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Winning streak snapped at 1

Giants unraveled late in a 4-2 loss to Chicago in which the offense couldn’t find a way to support a dominant performance from Alex Cobb

A gathering of San Francisco Giants at the mound during Friday night’s game. Sergio Estrada-USA TODAY Sports

The San Francisco Giants collected 7 hits and 1 walk in the first four innings of Friday night’s game against Chicago Cubs starter Marcus Stroman. They hit 2 singles against him with runners in scoring position, yet were unable to convert base runners into runs. At the end of 9 innings, having lost 4-2, they had knocked 13 hits but left 13 men on base. The Giants did a lot of great things in this game—yet struggled when it came to the essential baseball act.

It was a night in which everyone set the table but no one cooked the meal.

In the 1st, Mike Yastrzemski sent a two out single to left, but Ian Happ threw out a less than fleet Wilmer Flores tumbling down the baseline towards home.

In the 2nd, recently recalled Jason Vosler smoked a two-out double over the center fielder Rafael Ortega. Joey Bart mustered a hard hit grounder that ricocheted off Stroman for an infield single. Vosler had to settle for third before Tommy La Stella struck out to end the inning.

In the 4th, after LaMonte Wade Jr. walked with one out, Vosler again lifted a sky high fly to deep right center that somehow avoided both Ortega’s and Seiya Suzuki’s gloves just shy of the warning track. Wade, who could’ve cartwheeled home on the double if it came in a two-out situation, had to pump the brakes at third. With runners in scoring position and less than two outs, the Giants did…nothing. Bart flied out to shallow right on the first pitch of his at-bat and La Stella sent another one to Suzuki for the third out.

And of course, after the Giants scoring threat came up short, Cobb gave up a solo shot to Patrick Wisdom to start the 5th. It was Wisdom’s 19th of the season and his second in the series. Cobb had him at 0-2 and miraculously the notoriously free swinging Wisdom kept the bat on his shoulder for the next three pitches. In a full count, a lateral sinker scooted into the righty’s wheelhouse.

It was the worst pitch Cobb threw all night and it wasn’t all that bad. Wisdom was just able to get the ball high enough into the prevailing winds to sail it out to left. Believe it or not, Cobb wasn’t too pleased with where that baseball ended up. He had been pissed all evening. Any missed pitch sent him pacing, kicking at the rubber, snapping at the ball—not because he was struggling, but because he was pitching the best he had all season.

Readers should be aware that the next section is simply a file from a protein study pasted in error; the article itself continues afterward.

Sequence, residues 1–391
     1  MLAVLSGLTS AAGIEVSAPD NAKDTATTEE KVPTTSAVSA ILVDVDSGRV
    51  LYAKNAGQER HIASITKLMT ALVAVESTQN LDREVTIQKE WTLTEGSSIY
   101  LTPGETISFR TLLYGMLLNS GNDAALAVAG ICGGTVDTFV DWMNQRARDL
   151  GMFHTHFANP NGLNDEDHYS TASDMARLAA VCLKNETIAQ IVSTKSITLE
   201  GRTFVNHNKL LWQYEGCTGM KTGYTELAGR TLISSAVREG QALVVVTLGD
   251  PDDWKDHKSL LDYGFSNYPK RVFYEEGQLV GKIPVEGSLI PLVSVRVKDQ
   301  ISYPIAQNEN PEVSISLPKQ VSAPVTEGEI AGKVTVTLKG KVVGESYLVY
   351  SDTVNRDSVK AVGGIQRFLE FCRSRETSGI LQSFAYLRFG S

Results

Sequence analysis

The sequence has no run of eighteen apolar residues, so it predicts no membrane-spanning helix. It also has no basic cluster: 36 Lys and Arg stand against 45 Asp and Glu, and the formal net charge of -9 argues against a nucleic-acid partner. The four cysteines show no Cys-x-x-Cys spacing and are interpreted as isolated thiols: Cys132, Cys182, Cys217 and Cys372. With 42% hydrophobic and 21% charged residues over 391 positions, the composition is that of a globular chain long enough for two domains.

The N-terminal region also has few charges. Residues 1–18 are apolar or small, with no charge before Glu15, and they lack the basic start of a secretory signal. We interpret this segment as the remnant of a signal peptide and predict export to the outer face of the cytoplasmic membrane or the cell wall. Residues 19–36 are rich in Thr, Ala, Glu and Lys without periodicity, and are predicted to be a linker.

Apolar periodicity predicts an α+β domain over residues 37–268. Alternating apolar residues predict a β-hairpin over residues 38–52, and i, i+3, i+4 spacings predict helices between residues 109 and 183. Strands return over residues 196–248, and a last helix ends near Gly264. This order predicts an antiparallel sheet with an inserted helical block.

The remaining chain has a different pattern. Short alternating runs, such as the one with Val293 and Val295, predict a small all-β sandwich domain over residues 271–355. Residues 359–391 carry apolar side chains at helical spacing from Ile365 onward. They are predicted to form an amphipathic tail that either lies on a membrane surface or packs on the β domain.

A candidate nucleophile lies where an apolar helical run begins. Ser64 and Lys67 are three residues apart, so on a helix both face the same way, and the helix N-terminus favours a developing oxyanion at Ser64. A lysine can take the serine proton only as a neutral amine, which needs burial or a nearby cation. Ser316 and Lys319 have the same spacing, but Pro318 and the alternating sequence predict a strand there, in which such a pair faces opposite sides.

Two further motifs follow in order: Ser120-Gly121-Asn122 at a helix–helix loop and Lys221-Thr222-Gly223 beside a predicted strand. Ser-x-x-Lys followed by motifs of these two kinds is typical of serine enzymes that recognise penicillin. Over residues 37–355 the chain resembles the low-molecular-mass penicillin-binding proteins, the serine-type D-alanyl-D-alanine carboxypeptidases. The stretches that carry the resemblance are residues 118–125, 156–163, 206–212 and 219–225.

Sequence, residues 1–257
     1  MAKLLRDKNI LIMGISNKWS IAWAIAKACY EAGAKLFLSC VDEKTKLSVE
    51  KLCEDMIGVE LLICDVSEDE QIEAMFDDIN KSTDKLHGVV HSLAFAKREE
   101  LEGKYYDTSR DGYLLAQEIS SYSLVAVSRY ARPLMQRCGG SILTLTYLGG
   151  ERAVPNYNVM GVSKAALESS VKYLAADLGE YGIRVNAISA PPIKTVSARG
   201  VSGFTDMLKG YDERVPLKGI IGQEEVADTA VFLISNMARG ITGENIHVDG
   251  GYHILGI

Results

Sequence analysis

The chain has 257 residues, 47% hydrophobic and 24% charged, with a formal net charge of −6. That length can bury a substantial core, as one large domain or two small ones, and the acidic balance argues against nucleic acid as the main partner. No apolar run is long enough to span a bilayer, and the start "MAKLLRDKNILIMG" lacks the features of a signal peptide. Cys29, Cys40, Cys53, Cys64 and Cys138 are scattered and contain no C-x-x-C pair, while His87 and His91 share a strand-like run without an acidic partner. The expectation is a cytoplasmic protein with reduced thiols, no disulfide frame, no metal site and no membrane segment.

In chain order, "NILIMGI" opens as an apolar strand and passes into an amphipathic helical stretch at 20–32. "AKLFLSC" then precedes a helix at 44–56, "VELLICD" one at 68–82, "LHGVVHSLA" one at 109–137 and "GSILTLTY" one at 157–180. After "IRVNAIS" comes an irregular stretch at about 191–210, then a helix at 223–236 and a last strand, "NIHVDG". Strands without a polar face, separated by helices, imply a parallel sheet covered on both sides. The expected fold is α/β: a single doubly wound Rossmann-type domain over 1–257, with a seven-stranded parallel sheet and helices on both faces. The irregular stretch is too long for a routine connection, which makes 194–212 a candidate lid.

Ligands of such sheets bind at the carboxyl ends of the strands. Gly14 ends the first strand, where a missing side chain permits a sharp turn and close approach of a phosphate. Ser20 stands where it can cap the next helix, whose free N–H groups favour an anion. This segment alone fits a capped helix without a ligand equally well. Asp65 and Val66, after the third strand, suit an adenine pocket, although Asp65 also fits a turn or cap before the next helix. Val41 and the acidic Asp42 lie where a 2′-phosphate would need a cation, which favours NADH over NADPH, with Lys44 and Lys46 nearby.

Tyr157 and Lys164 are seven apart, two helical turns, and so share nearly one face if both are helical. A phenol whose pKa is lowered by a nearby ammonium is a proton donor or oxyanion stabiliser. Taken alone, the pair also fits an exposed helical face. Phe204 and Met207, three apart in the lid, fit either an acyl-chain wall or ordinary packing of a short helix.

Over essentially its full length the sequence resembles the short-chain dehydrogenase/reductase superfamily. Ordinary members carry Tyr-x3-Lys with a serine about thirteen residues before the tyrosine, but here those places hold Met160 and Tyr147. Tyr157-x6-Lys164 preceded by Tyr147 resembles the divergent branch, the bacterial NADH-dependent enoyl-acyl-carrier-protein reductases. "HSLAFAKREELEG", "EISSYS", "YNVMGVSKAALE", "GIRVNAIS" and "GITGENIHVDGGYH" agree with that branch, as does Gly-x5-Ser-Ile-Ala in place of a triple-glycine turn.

While the rest of the country sweated through their shorts in a midsummer heat wave, Cobb’s backdoor sinker and splitter combination cooled bats and froze hitters. He notched a season high 11 strikeouts and retired the side with the K in both the 3rd and the 6th. His splitter was especially slippery, sliding into the strike zone with backdoor movement that stunned righties.

In the 7th, after walking Nico Hoerner to lead off the inning, Cobb was pulled for Dominic Leone to face Wisdom. Leone abruptly took umbrage with the umpire’s strike zone, yanked his sliders, tore up all his good will with his manager and the Oracle faithful by throwing 8 straight balls to Wisdom and Frank Scwindel to load the bases with nobody out.

Game 2 in the top of the 7th was shaping up to be a 2022 special. Inexplicably, Chicago didn’t score. Leone struck out Alfonso Rivas with a slider and then induced a 6-5-3 double play to skirt damage.

In their half of the inning with Stroman out of the game, San Francisco put together a bases loaded opportunity of their own after Yermin Mercedes walked, then barreled to third on a Wilmer Flores two-out double. Brandon Belt worked a walk before Mike Yastrzemski rolled a grounder to first for the final out.

All night, the San Francisco offense couldn’t quite get the order of things. Their doubles came an out too early or too late, or their “clutch” hits came with the wrong person on base. Even when the elements got involved and the wind turned a routine LaMonte pop up in the 8th into a postmodern dance of defensive ineptitude, the Giants couldn’t cash in.

But these Giants are these Giants and what was potentially shaping up to be a silver-lining loss, turned into a brutal onslaught of bad breaks, bad choices and bad defense.

Camilo Doval came in to preserve the slim margin in the 9th and didn’t. After retiring the first batter he faced, Doval walked Hoerner and then gave up a double to Patrick Wisdom that was ruled fair on the field before the call was challenged by Kapler. After an onslaught of zoomed in slowed down pixelated replays that showed the ball hooking just just just just (IN MY OPINION) foul, the faceless purveyors of judgment in New York deemed that the call on the field would “stand.”

The decision led to 3 additional runs (and New York is to be blamed for all of them!) and proved to be the death blow for our Giants—on this Friday, yes, but maybe for the 2022 season as well?

In the face of a lot of ineptitude, the San Francisco front office is still rumored to not be major sellers come Tuesday. I can’t help but admire the mindset: it’s proud, a little stubborn, and as a fan, I appreciate that the organization I follow won’t so blatantly throw in the towel on a season. Who knows, we might be a reliever away from really figuring this whole baseball thing out!

But after tonight’s 4-2 loss…man, I just don’t know anymore. If that Wisdom line drive was ruled foul, maybe Doval gets out of that inning, maybe Flores hits a walk-off two run homer and maybe San Francisco uses this win to turn their season around. But that’s a lot of maybes to build a playoff team off of.